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AIG Africa’s Chief Risk Officer scoops two awards at Actuarial Convention

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“AI in Actuarial Science”, written by Ron Richman, AIG’s Chief Risk Officer for Africa, was named Best Paper and Best Paper in Risk and Reinsurance by the Actuarial Society of Southern Africa. The awards were presented at the Society’s recent convention at the Cape Town International Convention Centre on 24-25 October 2018.

“The Committee believes that this paper deserves the prizes due to the forward-looking outlook that the author advocates in how actuaries could integrate deep learning into their day-to-day work, especially when dealing with the assessment, modelling and quantification of both life and non-life risks,” said  Peter Withey, the President of the Actuarial Society of South Africa when presenting the award.

The article examines not only how artificial intelligence (AI) , and its associated disciplines of machine and deep learning, can change the environment within which actuaries operate, but also the opportunities they open up for actuaries.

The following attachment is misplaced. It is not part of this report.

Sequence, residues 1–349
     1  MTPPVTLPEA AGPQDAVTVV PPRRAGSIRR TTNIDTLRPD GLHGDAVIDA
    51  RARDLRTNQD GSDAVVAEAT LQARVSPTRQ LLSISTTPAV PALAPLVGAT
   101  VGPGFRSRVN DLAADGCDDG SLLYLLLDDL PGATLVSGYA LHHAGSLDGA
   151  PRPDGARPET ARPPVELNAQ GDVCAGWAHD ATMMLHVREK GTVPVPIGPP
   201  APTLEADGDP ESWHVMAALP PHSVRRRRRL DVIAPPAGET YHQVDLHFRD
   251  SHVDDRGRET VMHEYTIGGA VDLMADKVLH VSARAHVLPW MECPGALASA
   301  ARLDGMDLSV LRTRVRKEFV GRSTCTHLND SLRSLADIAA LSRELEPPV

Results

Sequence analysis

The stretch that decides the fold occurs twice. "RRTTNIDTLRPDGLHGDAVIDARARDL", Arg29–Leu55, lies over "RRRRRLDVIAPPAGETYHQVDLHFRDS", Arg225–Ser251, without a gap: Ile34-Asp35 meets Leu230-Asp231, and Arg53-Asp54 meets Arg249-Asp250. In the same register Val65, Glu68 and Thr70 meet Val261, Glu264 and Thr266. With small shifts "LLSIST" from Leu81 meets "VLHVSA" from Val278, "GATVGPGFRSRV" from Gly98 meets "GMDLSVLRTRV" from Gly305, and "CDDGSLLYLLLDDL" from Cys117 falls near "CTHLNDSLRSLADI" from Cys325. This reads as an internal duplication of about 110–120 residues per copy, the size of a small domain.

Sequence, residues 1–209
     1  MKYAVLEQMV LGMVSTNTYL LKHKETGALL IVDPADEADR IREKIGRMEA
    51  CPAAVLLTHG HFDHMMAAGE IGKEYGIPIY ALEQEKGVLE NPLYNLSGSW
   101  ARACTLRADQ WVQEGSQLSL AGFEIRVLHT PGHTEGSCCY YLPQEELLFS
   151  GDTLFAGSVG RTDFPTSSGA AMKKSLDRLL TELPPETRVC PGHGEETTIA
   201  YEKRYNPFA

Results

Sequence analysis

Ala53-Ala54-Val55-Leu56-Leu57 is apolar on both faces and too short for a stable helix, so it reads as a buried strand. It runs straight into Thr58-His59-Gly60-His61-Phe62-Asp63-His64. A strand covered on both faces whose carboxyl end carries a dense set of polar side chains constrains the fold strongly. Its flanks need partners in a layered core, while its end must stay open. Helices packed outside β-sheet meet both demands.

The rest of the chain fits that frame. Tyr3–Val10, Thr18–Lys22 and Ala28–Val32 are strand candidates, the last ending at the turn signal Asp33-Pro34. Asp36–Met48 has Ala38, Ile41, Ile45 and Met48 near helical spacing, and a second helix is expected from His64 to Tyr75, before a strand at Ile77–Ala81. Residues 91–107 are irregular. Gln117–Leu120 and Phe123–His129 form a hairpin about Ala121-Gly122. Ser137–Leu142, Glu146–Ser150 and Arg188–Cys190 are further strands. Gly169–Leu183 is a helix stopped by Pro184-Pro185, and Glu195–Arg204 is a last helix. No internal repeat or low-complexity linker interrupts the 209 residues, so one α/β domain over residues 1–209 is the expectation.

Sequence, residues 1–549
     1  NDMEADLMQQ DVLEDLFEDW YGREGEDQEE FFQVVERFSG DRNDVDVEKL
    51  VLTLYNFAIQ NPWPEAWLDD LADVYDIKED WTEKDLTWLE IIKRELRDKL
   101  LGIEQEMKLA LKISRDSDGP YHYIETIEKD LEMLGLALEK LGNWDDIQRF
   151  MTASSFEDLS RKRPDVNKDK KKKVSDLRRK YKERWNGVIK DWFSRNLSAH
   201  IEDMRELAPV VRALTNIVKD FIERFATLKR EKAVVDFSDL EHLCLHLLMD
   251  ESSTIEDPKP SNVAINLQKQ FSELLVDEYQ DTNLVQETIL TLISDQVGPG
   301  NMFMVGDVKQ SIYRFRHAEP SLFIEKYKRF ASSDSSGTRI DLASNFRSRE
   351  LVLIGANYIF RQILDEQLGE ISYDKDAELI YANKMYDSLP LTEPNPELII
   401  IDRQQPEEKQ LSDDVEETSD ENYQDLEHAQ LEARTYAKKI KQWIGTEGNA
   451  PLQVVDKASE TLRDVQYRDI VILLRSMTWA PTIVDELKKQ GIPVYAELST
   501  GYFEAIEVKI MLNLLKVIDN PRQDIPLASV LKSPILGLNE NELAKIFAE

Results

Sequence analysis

Machine learning is the process whereby AI systems build knowledge by extracting patterns from data. Deep learning is a class of machine learning that can learn either by classification of data (supervised learning) or by analysing patterns within data (unsupervised learning).

“Computer analytics using algorithms present a really great opportunity for improving the predictions we make, and ultimately will result in determining premiums based on a more accurate risk assessment,” Mr Richman says. “I believe insurers need to start adopting these techniques now so that they don’t get left behind.”

He identifies two potential barriers that could hinder actuaries from engaging profitably with these new technologies. One is the need to gain proficiency in the coding languages used in AI. Here, though, he points out that there is vibrant online ecosystem that provides a plethora of tools and resources to help actuaries, and other professionals, gain the skills they will need.

Another barrier might be the mind shift needed to accommodate a new way of looking at data. Traditional statistical approaches focus on understanding what the data concerns, whereas AI’s various techniques focus more on understanding the patterns implicit in data in order to make accurate predictions.

“AI holds huge potential for actuaries to assess risk more accurately, which is to everybody’s benefit,” he says. “But as our ability to interrogate the meaning of data becomes more and more sophisticated, we will need regulators and professional societies to provide the necessary governance framework for AI.”